Proton driver Alister McRae has given Proton its first ever podium finish in the Intercontinental Rally Challenge by taking third place in the Rally of Scotland.
McRae, who now lives in Perth Western Australia, made a triumphal return to his native Perth shire in Scotland to pilot the rapidly improving Satria Neo to its best result so far.
Scottish hero McRae reveled in his appearance on the Rally of Scotland, just seven days after almost capturing a podium on the Rally of China in a similar Satria Neo S2000.
McRae, a former British and Asia-Pacific champion, was delighted with the Mellors Elliott Motorsport Proton Satria Neo S2000 and says he now the wants to do more rallies in the car in 2010.
The Satria Neo S2000 only homologated in October 2008 and made its debut on the IRC in June at the Belgium Ypres Rally and the all-new car has quickly shown its potential.
Team principal Chris Mellors has confirmed that a full IRC campaign alongside an attack on the Asia Pacific series is already in preparation for 2010.
“We’re looking at a four-car program for 2010 – two in the IRC and two in the FIA Asia-Pacific Championship,” he said.
“Alister has driven for us in the Asia-Pacific series this year and until this weekend that was what we were planning for 2010 as well, but I know he’s enjoying this weekend a great deal so it could be interesting sorting that out.”
McRae himself was in typically ebullient form all weekend, and was delighted to record Proton’s first podium finish in the IRC.
“The Proton chassis is one of the best I have ever driven”.
“Yes we’re doing the full IRC next year. We are looking forward to coming back and fighting these guys again,” Alister said.
“Kris Meeke (rally winner) has christened me ‘old safe hands’ but I can assure you these old hands were working far quicker than the brain!” McRae added.
McRae’s proud father, five-times British rally champion, Jimmy McRae, was working with the organisers of the inaugural Rally of Scotland and took great pride in his son’s return from Australia- joking: “He’s still a McRae!”
The two-litre Proton Super 2000 engine is derived from the 1.8 litre engine fitted to the Waja model and has been further developed by MEM’s engineers to produce a reliable 210kW @ 7600rpm (278 horsepower) with a usable power band from 5,500 to 8,500rpm.
The Satria Neo S2000 uses the six-speed sequential Xtrac 4WD transmission system, one of two control transmission systems allowed under FIA rules.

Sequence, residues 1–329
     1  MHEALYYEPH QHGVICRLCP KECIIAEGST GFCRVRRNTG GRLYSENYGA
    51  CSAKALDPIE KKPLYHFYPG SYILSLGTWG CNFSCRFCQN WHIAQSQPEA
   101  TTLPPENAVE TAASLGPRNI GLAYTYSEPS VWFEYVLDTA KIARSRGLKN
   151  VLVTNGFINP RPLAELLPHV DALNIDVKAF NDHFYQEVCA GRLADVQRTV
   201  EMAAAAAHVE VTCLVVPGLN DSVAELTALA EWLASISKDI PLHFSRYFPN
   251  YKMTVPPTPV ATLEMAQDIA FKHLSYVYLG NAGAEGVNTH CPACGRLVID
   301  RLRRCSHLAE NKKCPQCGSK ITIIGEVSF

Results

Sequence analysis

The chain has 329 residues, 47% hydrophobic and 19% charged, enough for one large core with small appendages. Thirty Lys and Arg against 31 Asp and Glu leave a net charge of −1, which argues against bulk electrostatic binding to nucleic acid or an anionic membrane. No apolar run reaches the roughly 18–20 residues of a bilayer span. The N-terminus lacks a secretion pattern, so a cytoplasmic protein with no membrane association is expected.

The car is also fitted with an innovative quick-change fuel control cassette which includes all the fuel pumps, filters and valves, attached to the MEM-designed FIA FT3 safety fuel cell to aid rapid maintenance.
Alcon provides the braking power with the latest Super 2000 alloy 4-pot calipers and ventilated discs which when combined with the Neo’s low overall weight of 1150kg gives outstanding brake performance.
The ventilated disc sizes can be maximised for both gravel when the car uses 15 inch rims and tarmac when it steps up to 18 inch rims, however for both simplicity and cost the brake calipers are common to both setups thanks to a simple mounting arrangement.
MEM’s engineers have designed the suspension with a relatively conventional layout of wishbone and MacPherson strut making it easy and relatively cheap to maintain while delivering extremely high reliability.
The suspension design has also maximised damper travel achieving both an ultra-low tarmac setup with low levels of body roll and a long-travel gravel setup with enormous ability to soak up the biggest bumps.
A variety of anti-roll bars are also available for both front and rear ensuring the suspension setup can be easily fine-tuned for any rally surface or type.
The latest technology is used in the electrical systems with a state-of-the-art multiplexed wiring system capable of managing the entire car’s electronics from a central unit situated in the centre of the car between the driver and co-driver. Apart from the weight saving reduction that this achieves it is simple to operate and boasts automatically resetting circuit breakers for improved reliability.
The result is a car which not only has well-proven technical advances and novel design but also simplicity to ensure the best possible combination of performance and reliability.
Story courtesy of www.aprc.tv, photos courtesy of www.plopcrew.net.